Not personal experience with that but a friend uses it and is so satisfied that is trying to convince me to change for that on the last 7 years or so
I know a few people in these water who have tried copper coating, at vast expense.

The results were mixed, and I don't think as many as half of the people had any luck with it.

That's not a scientific survey by any means, but I think I won't take the risk with this. I'm sure it works better in some waters, than in others, so I have paid special attention to people around here.
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Old 08-03-2016, 13:03   #28
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Re: Antifoul Puzzle

Quote:
Originally Posted by Pete7 View Post
Dockhead, Trilux is only medium strength anitfoul and doesn't have any copper in it so it will foul up the minute you stop. However, it is hard and I have used it on a stern drive and propellor previously with limited success. However, I could raise the drive and scrub it with a brush to get the green weed off.

Cruiser Uno has been changed to Uno EU and quoted for use up to 25 knots. I can tell you if you touch it with a soft brush you will have bristle marks in the paint after the first sweep. So that is off the list for you too although it works for me but I use twice the quoted amount needed.

Seajet 33 is also reasonably hard and will withstand a wash with a sponge. It failed two years ago for us, but some of that is down to moving house so the boat wasn't used much, the Solent was 20.c and they were dredging Portsmouth harbour so the yacht sat in a muddy soup for the season.

Micron Extra also dissolved for us despite using two tins on a 31 ft yacht and wasn't any better than the cheaper Uno. Two coats only just did a year with a mod season scrub.
Well, that's encouraging! Not!!!

Man, how I miss my Jotun Sea Queen. I just had not idea that antifouling could be such a problem


Your "mid season scrub" with the Micron Extra -- was that with a pressure washer?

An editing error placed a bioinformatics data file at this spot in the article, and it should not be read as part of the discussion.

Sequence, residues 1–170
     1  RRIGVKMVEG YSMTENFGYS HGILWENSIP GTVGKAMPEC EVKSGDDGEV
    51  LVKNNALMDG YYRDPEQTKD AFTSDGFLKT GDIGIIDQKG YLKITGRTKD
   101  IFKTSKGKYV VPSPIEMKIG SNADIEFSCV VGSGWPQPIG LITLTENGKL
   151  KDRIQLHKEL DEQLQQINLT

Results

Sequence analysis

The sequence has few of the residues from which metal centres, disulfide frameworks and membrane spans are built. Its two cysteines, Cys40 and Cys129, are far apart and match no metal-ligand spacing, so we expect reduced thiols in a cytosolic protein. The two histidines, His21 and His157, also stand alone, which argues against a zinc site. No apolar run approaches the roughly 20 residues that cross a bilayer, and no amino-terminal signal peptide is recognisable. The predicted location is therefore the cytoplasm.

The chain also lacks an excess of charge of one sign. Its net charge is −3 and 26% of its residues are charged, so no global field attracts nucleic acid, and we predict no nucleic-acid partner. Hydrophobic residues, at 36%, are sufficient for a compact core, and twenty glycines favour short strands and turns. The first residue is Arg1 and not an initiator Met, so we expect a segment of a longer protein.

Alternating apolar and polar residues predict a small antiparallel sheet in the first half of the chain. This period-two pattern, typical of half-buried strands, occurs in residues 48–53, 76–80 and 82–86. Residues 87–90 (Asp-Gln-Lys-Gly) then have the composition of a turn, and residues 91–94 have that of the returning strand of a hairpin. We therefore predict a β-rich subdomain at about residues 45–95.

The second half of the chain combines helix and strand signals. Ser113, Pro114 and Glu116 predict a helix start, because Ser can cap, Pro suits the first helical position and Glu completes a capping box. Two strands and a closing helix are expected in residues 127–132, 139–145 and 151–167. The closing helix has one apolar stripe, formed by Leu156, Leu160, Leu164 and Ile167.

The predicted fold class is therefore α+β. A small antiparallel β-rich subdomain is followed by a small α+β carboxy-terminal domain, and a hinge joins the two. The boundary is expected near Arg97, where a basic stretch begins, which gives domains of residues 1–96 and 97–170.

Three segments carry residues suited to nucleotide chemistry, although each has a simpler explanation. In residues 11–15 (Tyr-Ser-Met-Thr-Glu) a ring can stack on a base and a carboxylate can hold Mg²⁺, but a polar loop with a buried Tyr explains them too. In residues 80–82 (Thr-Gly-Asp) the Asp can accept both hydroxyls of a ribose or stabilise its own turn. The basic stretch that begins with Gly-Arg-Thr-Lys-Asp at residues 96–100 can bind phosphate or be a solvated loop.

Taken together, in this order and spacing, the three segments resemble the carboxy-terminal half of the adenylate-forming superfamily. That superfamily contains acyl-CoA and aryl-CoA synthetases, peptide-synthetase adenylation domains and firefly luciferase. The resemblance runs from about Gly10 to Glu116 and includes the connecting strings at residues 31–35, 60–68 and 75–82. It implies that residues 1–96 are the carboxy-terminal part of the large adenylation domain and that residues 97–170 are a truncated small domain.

Based on this, unless the Cruiser Uno is really much harder than the Micron Extra, then I might actually go with that again, understanding in advance that it will only last one year.

The good thing about it was that it did actually keep the growth off. When I dried out in October, after 5 months in the water (granted 3 months of that in the Baltic), there was just a light slime on the bottom.

Bah, how frustrating.
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Old 08-03-2016, 13:08   #29
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Re: Antifoul Puzzle

Imagine how frustrated you will be when you get your new aluminum boat!

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Old 08-03-2016, 13:49   #30
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Re: Antifoul Puzzle

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Here in the U.S. (and I suspect most, if not all, other countries as well) "commercial" boatyards do not have special dispensation to apply anti fouling paints that are unavailable to the recreational boating market. Commercial shipping use the same products (or at least the same kind of products) that you and I do and if a particular type of of paint is illegal to use on a recreation vessel, it is illegal to use on a commercial vessel as well.
I see. It all depends on where the boat is then.